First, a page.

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Drummer question

How do you tune your drums?

For example: I tune my bass drum (kick) to an E, my snare to an A, high tom to a D, low tom to an E, floor tom to an A. Anybody else do this? or do you just tune them until you like to way it sounds? I'm Just curious how others do things.
I like to have my drums in tune with the bass is why I tune mine this way. I like the way the deep sounds thump against each other.

Looking forward to some of the answers.

Peace, Tony

Comments

  • highmtnhighmtn Administrator, Moderator, Enrolled, Pro Posts: 14,832
    The kick I tune to a subsonic rumblethump with a pop in the high mids. Snare is tight with loose strands, Rings when you play at the rim, and a low thump to go with the crack, but no particular "note".

    Smallest tom tuned like a timbale, then a C, an A, an E, and either a low A or a G.

    Lots of songs have lots of C's or G's in them, and of course Rock songs often ride on an A or E. The C and G tend to go together.

    I do like to just tune until I get the best sound, but often I play with a 3-piece band, and riding a tom on an E or A can help to allow the guitarist to lay off the chords while he solos.
  • @highmtn Another question, When you record/mic your drums, do you ever have to re-tune them to get rid of unwanted rattles or hums due to the frequency of the drum hit itself?
    I ask because I was in a studio once, and the guy wanted me to re-do my whole tuning because of a hum we later discovered was from a floor tom, and we ended up just putting a piece of tape on it.

    Peace
  • highmtnhighmtn Administrator, Moderator, Enrolled, Pro Posts: 14,832
    Yes, that happens in the studio all the time. I've been in studios where the house drums are taped and blanketed like crazy, just because they want to get rid of all unwanted buzzes. And then the kick pedal and hihat will squeak.
  • CalwynCalwyn 2.0 ENROLLED Posts: 4
    Personally, I prefer to tune my drums so they sound nice in themselves rather than tuning to specific notes. It always seems to me that IF you've tuned your kit to a specific note, then it's possible for it to be out of key... especially on drums with a long sustain like the bigger toms.

    Calwyn
  • I used to tune my drums the same way Calwyn. I then read somewhere about tuning them to specific notes, and some of the Drummers that also do this.

    I play mostly classic rock, and the majority of songs are in the key of E, and A.

    I noticed the difference right away. The way the sound of the drums were thumping with the bass was incredibly cleaner, and tighter.

    Yes you do have to keep checking the tuning, but it's like that with my other instruments too so it's not much of a bother.

    Peace, Tony
  • singbetter67singbetter67 Member Posts: 8
    Every time you stretch a membrane over a hollow cylinder, there's a range of frequencies which 'speak' with the right balance of attack and tone and the least amount of harmonic 'clutter' or distortion, often referred to as overtones. The trick is to choose instruments that reflect that balance while producing the tactile response and volume you feel is best representative of 'your' sound and style. A 14" tom can be cranked up to produce the same pitch as a 10" tom, but there is tonal nuance, harmonics and all the aforementioned attributes that also influence the resulting sound. Simon Phillips' toms sound glorious. He prefers high tension and bigger shells. I believe he uses thicker, 2 ply heads to deal with overtones without deadening the drum with gobs of snot rags and duct tape.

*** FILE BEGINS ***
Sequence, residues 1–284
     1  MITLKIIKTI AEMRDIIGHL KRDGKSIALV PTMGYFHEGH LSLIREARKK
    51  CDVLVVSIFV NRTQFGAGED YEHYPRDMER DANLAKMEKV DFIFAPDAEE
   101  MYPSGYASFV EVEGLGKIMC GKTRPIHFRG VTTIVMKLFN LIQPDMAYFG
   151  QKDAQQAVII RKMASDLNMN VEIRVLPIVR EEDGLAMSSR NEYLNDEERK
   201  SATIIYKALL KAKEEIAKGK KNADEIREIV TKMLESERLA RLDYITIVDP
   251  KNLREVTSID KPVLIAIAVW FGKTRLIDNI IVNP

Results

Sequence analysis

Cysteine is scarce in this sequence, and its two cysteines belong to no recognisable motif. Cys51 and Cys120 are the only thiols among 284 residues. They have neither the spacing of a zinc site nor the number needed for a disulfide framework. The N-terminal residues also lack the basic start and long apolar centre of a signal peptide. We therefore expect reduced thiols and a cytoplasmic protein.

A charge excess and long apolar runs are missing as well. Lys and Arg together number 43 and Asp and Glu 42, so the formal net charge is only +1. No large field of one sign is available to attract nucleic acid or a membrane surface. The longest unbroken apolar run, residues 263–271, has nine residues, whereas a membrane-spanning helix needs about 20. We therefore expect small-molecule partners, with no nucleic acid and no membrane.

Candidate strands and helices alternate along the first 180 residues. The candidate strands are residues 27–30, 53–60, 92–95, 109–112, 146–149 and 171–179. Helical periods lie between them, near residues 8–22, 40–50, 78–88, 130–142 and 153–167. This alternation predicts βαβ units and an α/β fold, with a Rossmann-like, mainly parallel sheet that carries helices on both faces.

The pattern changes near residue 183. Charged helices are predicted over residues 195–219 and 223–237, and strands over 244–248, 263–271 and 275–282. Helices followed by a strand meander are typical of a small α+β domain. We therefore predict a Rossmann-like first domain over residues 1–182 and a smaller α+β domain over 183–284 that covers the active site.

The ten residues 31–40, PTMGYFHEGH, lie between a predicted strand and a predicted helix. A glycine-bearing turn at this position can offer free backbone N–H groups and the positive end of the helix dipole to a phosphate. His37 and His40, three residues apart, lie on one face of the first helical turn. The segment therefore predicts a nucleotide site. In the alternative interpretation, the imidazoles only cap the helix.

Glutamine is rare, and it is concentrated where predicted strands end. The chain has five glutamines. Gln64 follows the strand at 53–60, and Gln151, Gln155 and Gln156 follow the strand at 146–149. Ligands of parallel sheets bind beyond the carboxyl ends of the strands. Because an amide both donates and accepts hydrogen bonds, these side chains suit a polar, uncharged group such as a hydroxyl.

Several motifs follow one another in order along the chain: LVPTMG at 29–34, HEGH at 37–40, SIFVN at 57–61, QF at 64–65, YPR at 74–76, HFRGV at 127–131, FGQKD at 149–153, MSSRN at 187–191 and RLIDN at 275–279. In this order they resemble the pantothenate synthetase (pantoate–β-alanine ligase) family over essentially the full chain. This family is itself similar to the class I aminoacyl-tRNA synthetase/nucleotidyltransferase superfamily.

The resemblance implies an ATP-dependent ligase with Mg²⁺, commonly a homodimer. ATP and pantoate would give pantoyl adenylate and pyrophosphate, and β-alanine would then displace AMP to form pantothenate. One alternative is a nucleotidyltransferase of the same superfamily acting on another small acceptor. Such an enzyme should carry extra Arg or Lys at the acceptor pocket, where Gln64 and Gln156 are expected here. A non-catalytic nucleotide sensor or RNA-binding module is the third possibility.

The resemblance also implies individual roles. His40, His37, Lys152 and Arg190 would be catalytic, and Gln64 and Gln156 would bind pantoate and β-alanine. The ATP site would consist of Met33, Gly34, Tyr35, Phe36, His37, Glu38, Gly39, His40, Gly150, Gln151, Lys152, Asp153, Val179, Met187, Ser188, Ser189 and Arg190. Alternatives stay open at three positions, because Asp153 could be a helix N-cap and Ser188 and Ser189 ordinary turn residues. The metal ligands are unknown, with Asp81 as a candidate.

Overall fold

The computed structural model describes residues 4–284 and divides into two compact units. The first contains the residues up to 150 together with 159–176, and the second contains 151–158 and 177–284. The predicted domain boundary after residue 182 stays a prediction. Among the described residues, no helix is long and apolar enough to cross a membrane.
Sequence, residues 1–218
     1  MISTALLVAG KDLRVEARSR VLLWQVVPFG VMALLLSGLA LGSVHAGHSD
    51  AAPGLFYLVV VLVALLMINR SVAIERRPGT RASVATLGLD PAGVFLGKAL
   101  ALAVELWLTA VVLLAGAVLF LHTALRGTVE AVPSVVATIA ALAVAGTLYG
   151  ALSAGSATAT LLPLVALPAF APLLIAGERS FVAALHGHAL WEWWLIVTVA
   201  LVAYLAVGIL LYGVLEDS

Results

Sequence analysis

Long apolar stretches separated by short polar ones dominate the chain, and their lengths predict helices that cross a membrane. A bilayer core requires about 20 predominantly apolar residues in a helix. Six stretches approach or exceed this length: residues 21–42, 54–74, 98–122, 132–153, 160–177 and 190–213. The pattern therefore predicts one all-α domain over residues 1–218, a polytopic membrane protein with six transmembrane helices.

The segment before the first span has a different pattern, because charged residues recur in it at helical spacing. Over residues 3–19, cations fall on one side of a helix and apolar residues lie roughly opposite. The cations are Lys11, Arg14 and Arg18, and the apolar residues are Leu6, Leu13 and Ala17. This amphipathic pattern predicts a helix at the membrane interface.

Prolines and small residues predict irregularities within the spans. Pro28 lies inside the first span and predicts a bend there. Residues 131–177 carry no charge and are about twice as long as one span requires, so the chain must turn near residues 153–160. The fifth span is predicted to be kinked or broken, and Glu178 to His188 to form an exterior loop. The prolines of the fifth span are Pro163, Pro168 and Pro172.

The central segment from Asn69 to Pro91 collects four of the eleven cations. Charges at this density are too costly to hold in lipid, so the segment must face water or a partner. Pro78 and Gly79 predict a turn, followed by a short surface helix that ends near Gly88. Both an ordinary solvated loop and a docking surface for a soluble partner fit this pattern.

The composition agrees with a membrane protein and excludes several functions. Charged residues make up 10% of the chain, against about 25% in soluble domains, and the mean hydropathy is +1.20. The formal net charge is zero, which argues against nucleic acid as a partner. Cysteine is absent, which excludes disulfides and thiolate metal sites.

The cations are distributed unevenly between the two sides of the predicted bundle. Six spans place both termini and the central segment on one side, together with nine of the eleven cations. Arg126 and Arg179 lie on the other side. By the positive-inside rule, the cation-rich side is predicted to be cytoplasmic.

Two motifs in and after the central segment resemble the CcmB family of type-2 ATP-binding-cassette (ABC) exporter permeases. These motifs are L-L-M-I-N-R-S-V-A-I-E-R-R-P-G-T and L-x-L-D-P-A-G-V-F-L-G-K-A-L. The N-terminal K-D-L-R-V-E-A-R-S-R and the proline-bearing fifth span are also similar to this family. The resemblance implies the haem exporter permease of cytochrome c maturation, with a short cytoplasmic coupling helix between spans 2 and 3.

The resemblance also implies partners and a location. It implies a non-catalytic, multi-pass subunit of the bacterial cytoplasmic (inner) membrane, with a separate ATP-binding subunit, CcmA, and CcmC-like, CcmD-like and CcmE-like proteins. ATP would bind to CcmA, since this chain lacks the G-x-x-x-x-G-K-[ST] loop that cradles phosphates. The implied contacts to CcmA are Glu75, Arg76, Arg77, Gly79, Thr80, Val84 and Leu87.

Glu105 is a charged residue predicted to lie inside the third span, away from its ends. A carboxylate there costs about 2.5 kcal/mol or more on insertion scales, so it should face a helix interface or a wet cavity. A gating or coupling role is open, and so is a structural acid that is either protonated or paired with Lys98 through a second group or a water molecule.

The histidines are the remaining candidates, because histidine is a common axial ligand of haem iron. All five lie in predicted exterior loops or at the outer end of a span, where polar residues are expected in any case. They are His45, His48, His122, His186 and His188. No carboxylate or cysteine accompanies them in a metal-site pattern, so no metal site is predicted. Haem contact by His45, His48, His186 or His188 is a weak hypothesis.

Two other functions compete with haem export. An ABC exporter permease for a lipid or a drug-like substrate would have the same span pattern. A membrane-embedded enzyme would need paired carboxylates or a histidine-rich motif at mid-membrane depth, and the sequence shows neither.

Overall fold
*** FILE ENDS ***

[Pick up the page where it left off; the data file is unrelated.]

To me, tuning drums isnt like tuning a stringed instrument because there are no hard and fast conventions like concert pitch to contend with. In my opinion, tuning to a definite pitch isnt worth the energy because it would create absolute chaos with any song that is not harmonically cohesive. If the bassist is peddling in A and your kick is tuned to a defined pitch of B flat or C, chances are it's gonna create some sort of psycho-acoustic cacophony. What if the piece modulates? Do you need a second kick tuned to resonate sympathetically with that section of the tune?

    Admittedly, I have never bothered to go all-in on the defined pitch thing so my perspective is anecdotal. Not criticizing anyone else; there's room for everyone to find and express their own signature sound, I just think it is a rabbit hole that isnt worth falling down because it's not as interesting to me as how people interpret a piece of music from a rhythmic standpoint.

    In summary, disregard all the above, and tune however you like, as long as you put as much energy into what youre playing. : )
  • highmtnhighmtn Administrator, Moderator, Enrolled, Pro Posts: 14,832
    Orchestral percussionists have to tune to the key of the song, and tune to upcoming key changes, as well.

    We're talking tympani, here. But I often use toms in the same context. Lots of Rock songs are in A or E and you can really get some awesome sound when the toms are droning along in E and then change to A with the guitars. That said, it's not for everybody.

    Atonal drums are tuned, too. Just to more random thumps and booms.


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